Saturday, November 21, 2015

Buy Now, Don't Win and Don't Get Paid

The biggest question Illinois Lottery players used to have was will I win? 

Today, it's will I be paid?

In the titanic budget standoff between business-friendly governor Bruce Rauner and Speaker of the House Michael Madigan, much has been sacrificed. 

While essential services have mostly remained intact, the cash drought has already eliminated child care services (since restored), senior programs and emergency housing while threatening much, much more.

Yet the struggle continues: whether to abolish unions and their collective bargaining power and rebuild Illinois on the backs of the poor, the elderly and children, or continue the extravagant spending necessary to fulfill promises made to public-sector unions while preserving the state's monopolistic Democratic infrastructure.

Oh, the tyranny of choice.

Not so difficult is recognizing the tawdry conduct of the state's lottery board.

Namely, that the board continues to solicit the purchase of lottery tickets, knowing no payment will be forthcoming until the state's budget impasse is settled. It's not too far removed from a drug dealer supplying his clients even though they can't pay, for fear they'll sober up and cease consuming his product.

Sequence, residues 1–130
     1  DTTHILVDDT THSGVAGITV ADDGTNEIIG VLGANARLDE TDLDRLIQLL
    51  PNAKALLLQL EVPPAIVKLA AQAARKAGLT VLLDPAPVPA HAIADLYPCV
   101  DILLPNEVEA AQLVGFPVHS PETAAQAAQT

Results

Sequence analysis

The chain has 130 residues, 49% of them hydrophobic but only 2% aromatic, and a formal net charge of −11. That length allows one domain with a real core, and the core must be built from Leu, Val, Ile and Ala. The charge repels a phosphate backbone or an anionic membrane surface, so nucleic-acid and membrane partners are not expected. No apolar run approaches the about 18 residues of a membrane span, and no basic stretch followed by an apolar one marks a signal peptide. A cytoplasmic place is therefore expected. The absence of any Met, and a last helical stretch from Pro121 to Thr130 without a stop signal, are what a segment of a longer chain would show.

Would it be unseemly to suggest that a ticket out of town might be the best lottery prize of all?

Even if a budget is decided on, it's tough to see settling with lottery winners ranking very high on the state's to-do list. Compared to bridge repair and medicaid payments and keeping gas in state trooper's cars, it just doesn't rate.

And maybe it shouldn't.

But don't take out full-page ads in major metropolitan newspapers asking the citizens of Illinois to continue buying out of some vague and misplaced notion of loyalty. Couldn't you at least buy us dinner before you, know.

Assuming the budget stalemate continues into spring (which doesn't exactly require the imagination of Leonardo da Vinci or Walt Disney), it might be interesting if Illinoisans adopted a similar tact.

Go ahead and continue taxing us. When we make it. When we spend it. When we save it. While we're alive and when we die. Tax, tax, tax, all day long.

But come that special day in April, don't expect us to pay. Because we're broke, too.

Would an IOU suffice?

Some of us are confused about what it is we're paying for, which from here mostly appears as sustaining a power struggle between two very well-off and very powerful politicians with two distinctly unappealing agendas.

Illinois' birthday is December 3rd. Anyone for a party?

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